Free Flash Fiction:
The Grave Mistake
By: Jae El Foster
October 28, 2018
It was an hour or two before midnight on Halloween, and Tilda had been widowed for six months. The first three months following her husband’s death had been spent in misery. The latter three had been spent in preparation.
The air was chilly and fog swept throughout Deerborne. Even with her high beams on, Tilda could barely see the cemetery’s gated entrance. She put the car in park and stepped from it long enough to open the gate. She was scared – not only over what she was about to do, but because of where she was and that she was there on Halloween night.
“This better work,” she whispered as she drove through the entrance.
There was a small, hauntingly empty parking area to her right. She drove into it, parked, and cut the ignition. From the backseat, she grabbed a duffel bag and a flashlight. From the trunk, she took a shovel.
At this moment, the cemetery was the quietest, most frightening place Tilda could imagine. The only sounds came from beneath her feet and from her breathing as she walked along the dirt path.
Despite the fog, she found her husband’s grave in only a few minutes. She’d visited it many times over the last several months; she could have found his resting place in her sleep.
Standing atop Kenneth’s plot, she pushed over the headstone – which had been in her instructions – and began to dig. Within moments, dirt speckled her. Within minutes, her body ached, and within an hour’s time, her shovel touched upon the casket.
Four feet below the surface with the fog cascading the night above her, Tilda sat atop Kenneth’s coffin to catch her breath.
“This is insane,” she told herself as she glanced up to the sky. The thick fog prevented her from seeing a single star. “But it’s the only way. And if it doesn’t work, well… I can at least say I tried.” Her muscles ached… throbbed – burned – from the exhausting shoveling of the hard ground. “If it doesn’t work, I swear I’ll kill the gypsy woman that sold me this spell.”
She stood and reached up, grabbing the duffel bag from the ground above her. She brought it down to her and opened it. Then, using the head of her shovel, she opened the casket lid.
The scent of formaldehyde and decay shot out at her with grotesque force. She turned her face from it and held back the urge to vomit. Once her stomach settled, she looked down at Kenneth.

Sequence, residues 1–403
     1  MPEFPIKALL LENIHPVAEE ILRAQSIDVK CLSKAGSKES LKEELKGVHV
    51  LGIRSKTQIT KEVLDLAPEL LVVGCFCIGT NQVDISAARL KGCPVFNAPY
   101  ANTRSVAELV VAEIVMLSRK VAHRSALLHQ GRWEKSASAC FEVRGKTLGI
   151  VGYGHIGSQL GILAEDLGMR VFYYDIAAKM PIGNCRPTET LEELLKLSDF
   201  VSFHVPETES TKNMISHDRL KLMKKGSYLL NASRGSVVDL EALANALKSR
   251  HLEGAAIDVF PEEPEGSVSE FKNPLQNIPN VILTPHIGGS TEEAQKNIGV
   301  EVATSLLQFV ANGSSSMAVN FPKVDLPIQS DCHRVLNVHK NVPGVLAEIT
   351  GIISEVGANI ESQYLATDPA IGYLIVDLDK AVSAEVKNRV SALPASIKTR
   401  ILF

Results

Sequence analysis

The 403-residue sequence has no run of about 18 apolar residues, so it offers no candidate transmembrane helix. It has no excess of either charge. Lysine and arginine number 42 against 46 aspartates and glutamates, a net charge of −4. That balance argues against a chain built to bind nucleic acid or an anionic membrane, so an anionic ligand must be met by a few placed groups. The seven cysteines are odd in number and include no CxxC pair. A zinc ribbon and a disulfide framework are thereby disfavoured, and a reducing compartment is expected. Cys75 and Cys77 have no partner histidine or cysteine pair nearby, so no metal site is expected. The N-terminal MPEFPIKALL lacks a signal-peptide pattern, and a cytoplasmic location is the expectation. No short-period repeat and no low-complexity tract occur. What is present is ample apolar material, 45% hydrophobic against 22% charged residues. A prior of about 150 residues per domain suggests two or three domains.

Tilda felt hot tears run down her cheeks. Although the oxygen was starting to play havoc with his skin, she thought Kenneth was still the most handsome man she’d ever seen. He was wearing his black tuxedo – his only suit and the one he took her to prom in and married her in.
She composed herself. She had work to do. From the duffel bag, she removed three white candles, a jar of black sand, a sheet of parchment paper with the ‘magic words’ written on it, and a knife. She then unbuttoned Kenneth’s jacket and shirt and spread them wide, exposing his chest and stomach. She winced at the stitches from his autopsy but she continued nonetheless.
Kenneth’s jaw was locked – perhaps even broken – and it took some effort but she managed to force his mouth open. Then, using the black sand, she drew a pentagram on his chest. As she lit the candles, her hands began to tremble. She was nervous. She was frightened. She was excited… She was so many things, but of all of them, she was anxious to be reunited with her husband – to kiss his delicious lips one more time.
When the candles were lit, she turned off the flashlight and crouched down low. She held the parchment paper before her and looked at the Latin words. She swallowed and felt clammy. She didn’t know what a single word on the paper meant, but that did not matter. All that mattered was Kenneth and her urge to feel his arms around her once more.
“You’re almost done,” she told herself. “Two more steps and Kenneth will be back. My love… my only love will be back.” Tilda swallowed again, cleared her throat, and read aloud from the paper.
From the sky, sudden and fierce thunder crackled.
She set the paper down and took the knife in her right hand. Then, closing her eyes and bracing herself, she sliced into the center of her left palm. She winced from the pain, but she did not scream. She opened her eyes and held her hand over Kenneth’s face. Then, she squeezed her blood into his mouth and when she stopped, a bolt of lightning struck Kenneth’s body.
Tilda finally screamed. Kenneth’s eyes could not open – they were sealed shut – but he rose up from the coffin and forced himself upon her, taking her into his arms and toppling her. Panic surged through Tilda as she tried to force him away, but he was stronger than she remembered and he would not relent. Tightly, he held her; his fingers dug into her flesh as he squeezed her and grabbed her. Then, as another scream escaped her, Kenneth kissed her and her scream fell silent. In an indescribable explosion of fiery light, Tilda and her zombie husband concluded an ancient ritual – one that opened a portal to Hell and delivered them to Satan’s front door.
Through Tilda’s grief, a powerful gypsy had managed to convince her that it was possible to bring Kenneth back from the dead and to return him to his prior pre-death state. This was deceit on behalf of the gypsy, who herself had a centuries old pact with the devil. The gypsy retained her power and her youth, as long as she delivered a fresh soul to the Prince of Darkness every Halloween night.
Copyright Jae El Foster, 2018